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Rwandan president plans victory party ahead of early election results

In its second presidential election since the 1994 genocide, Rwanda is expected to re-elect President Paul Kagame, who faces accusations of political repression.

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Anil Gayan, a former Mauritius foreign minister and the head of a 20-nation African Union mission that observed the elections, recalled his discussions with members of the three opposition parties allowed to run. He said he was expecting some disgruntlement, as is normal in any hotly contested election. "I was expecting something like, 'Look, we have been denied access to this and that, or there is an overwhelming disparity between the means of the president and us,' " said Gayan. "But I got the answer, 'We are happy with this. There is no problem.' "

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Other opposition leaders have been arrested or intimidated. Last month, the deputy leader of one of the parties not permitted to take part in Monday's elections was brutally murdered, his head nearly severed from his body. An American lawyer for a jailed opposition candidate was also arrested and later released.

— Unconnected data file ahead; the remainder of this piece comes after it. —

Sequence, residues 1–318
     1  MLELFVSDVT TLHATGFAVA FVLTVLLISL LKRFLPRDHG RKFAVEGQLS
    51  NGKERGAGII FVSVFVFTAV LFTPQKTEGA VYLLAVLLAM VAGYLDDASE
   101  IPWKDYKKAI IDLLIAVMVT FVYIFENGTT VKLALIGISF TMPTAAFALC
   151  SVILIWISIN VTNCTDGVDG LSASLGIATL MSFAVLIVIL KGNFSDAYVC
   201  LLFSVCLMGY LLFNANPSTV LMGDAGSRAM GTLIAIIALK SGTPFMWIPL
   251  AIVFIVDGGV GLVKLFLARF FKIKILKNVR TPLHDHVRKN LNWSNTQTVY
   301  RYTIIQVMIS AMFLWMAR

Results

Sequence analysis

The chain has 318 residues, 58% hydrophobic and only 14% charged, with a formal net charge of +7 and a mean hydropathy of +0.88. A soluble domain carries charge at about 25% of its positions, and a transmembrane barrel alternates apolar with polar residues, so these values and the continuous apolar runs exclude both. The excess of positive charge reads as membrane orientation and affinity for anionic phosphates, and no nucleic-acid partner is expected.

Journalists critical of Kagame have also been targeted. Two independent newspapers were suspended; the deputy editor of one of them was shot to death in front of his house after he had written an article that alleged the government was behind an assassination attempt in South Africa of Kagame's former army chief of staff, who had defected from his fold.

Critics say that a key reason for the official repression is that Kagame is facing dissent within his own ranks. Kagame and key officials in his party have denied playing any role in the recent assaults.

For now, Rwandans are waiting to usher in the next era of Kagame's rule.

When asked if she would attend the victory party, Mukamurangwa declared:

"I wouldn't miss it."


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